YORK, Pa. The numbers are staggering: Seventy-one percent of young people are ineligible to join the military, according to 2017 Pentagon data. The reasons: obesity, no high school diploma, or a criminal record.
The problem isn't just a military one, though: It's an issue for businesses as well because the vast majority of that age group isn't eligible for many jobs either, said retired Rear Admiral Thomas Wilson.
That's why Wilson recently raised the issue at a gathering of business and community leaders in Pennsylvania's York County. The 29 percent of 17- to 24-year-olds who are qualified become prime targets for all recruiting: military, college and jobs.
Wilson, a former Naval officer in Pennsylvania, calls it a war for the qualified. Steve Doster, Pennsylvania State director of Military Readiness for Council for a Strong America, agrees it's a problem.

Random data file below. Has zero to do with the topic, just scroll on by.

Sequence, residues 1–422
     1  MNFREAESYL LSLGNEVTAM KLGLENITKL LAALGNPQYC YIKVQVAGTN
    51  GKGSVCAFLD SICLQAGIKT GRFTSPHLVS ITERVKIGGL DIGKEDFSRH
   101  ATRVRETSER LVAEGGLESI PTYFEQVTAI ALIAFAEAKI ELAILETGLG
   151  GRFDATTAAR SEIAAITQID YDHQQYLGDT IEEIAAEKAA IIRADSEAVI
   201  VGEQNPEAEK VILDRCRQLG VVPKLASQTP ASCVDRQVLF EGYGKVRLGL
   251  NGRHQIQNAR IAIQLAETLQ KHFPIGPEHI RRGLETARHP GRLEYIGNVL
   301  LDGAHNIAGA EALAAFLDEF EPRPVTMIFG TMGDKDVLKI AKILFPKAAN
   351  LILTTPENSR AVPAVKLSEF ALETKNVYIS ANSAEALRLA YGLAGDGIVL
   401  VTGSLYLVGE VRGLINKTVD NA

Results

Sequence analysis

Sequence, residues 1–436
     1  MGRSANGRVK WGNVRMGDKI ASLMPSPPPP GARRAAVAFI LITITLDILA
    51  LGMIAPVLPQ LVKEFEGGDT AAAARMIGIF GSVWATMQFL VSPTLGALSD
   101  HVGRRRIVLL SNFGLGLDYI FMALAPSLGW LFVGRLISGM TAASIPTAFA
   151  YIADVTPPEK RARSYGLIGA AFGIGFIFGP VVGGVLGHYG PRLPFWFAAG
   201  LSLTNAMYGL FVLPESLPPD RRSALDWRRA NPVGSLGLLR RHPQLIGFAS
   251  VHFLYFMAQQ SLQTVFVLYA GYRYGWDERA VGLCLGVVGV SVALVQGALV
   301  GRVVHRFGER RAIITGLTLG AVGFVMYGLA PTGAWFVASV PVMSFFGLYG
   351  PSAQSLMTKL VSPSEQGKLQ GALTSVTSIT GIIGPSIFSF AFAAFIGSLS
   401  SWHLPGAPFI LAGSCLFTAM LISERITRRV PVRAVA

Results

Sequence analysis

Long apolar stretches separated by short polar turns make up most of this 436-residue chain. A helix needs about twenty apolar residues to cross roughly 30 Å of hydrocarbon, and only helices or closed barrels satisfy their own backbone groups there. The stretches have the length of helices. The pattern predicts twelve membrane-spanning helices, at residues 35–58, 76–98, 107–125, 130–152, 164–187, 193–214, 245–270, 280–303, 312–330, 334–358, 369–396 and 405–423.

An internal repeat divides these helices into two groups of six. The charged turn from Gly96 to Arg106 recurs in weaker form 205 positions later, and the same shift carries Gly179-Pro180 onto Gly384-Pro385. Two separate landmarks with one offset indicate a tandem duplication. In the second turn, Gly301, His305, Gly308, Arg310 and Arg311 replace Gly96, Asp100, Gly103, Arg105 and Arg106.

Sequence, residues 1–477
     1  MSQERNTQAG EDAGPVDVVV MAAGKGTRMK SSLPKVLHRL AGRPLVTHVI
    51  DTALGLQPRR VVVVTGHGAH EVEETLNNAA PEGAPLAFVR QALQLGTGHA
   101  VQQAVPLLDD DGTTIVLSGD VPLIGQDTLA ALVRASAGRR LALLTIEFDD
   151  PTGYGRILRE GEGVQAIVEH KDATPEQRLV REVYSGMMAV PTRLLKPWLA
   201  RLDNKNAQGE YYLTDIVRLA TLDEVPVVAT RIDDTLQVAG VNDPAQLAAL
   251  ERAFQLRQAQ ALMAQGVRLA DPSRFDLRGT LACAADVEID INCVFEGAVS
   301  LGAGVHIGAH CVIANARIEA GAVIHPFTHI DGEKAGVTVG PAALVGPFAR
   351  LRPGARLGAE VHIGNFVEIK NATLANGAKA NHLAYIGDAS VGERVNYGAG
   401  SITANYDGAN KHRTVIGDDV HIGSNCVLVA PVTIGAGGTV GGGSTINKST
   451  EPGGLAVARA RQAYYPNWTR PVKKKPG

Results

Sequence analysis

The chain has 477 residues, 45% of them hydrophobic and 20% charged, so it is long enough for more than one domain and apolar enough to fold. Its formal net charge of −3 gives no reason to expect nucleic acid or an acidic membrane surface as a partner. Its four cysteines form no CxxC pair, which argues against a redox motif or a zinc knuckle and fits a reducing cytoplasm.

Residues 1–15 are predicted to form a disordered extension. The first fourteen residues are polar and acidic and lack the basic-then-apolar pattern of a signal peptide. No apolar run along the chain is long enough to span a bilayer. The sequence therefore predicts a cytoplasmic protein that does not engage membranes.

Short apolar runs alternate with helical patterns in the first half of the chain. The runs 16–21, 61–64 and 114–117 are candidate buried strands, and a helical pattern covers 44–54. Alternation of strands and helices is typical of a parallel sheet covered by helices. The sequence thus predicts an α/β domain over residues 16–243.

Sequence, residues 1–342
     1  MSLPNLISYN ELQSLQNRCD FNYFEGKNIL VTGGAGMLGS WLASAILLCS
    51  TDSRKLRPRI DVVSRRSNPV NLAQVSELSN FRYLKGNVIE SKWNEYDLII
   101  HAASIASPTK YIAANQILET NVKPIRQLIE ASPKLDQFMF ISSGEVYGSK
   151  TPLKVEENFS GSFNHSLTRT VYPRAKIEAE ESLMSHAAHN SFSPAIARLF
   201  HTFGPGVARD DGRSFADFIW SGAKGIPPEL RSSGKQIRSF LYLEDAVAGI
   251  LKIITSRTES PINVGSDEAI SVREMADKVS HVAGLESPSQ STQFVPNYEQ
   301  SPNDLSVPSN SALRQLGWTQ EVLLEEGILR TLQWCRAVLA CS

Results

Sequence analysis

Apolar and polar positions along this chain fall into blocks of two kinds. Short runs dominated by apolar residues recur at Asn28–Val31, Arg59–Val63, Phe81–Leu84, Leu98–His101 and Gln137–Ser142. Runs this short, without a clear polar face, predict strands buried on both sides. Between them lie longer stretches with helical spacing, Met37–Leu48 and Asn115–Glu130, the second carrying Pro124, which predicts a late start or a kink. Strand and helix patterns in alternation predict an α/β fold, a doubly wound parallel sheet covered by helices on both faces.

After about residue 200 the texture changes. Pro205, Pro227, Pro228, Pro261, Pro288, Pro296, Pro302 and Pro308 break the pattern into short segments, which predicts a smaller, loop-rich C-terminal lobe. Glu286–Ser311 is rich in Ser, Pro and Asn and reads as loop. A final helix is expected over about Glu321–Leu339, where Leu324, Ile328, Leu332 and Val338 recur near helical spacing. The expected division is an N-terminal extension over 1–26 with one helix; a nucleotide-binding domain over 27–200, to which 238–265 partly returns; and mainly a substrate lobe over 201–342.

This is a very real risk to our national security, Doster said.
The solution could start in childhood
Brian Grimm has been fighting to improve the numbers for many years as executive director of the York Day Nursery.
"He was preaching to the choir with me," said Grimm, who heard Wilson speak at a recent York County Economic Alliance breakfast. "It's like you want to stand up and say: Is everybody listening?"
Early childhood education is Wilson's focus. He volunteers with Doster's organization, Council for a Strong America, joining hundreds of other retired military who serve in the organization from across the country, along with law enforcement leaders, ministers, and even athletes.
They're promoting a common message: Young people need preparation early in their lives to be productive members of society later.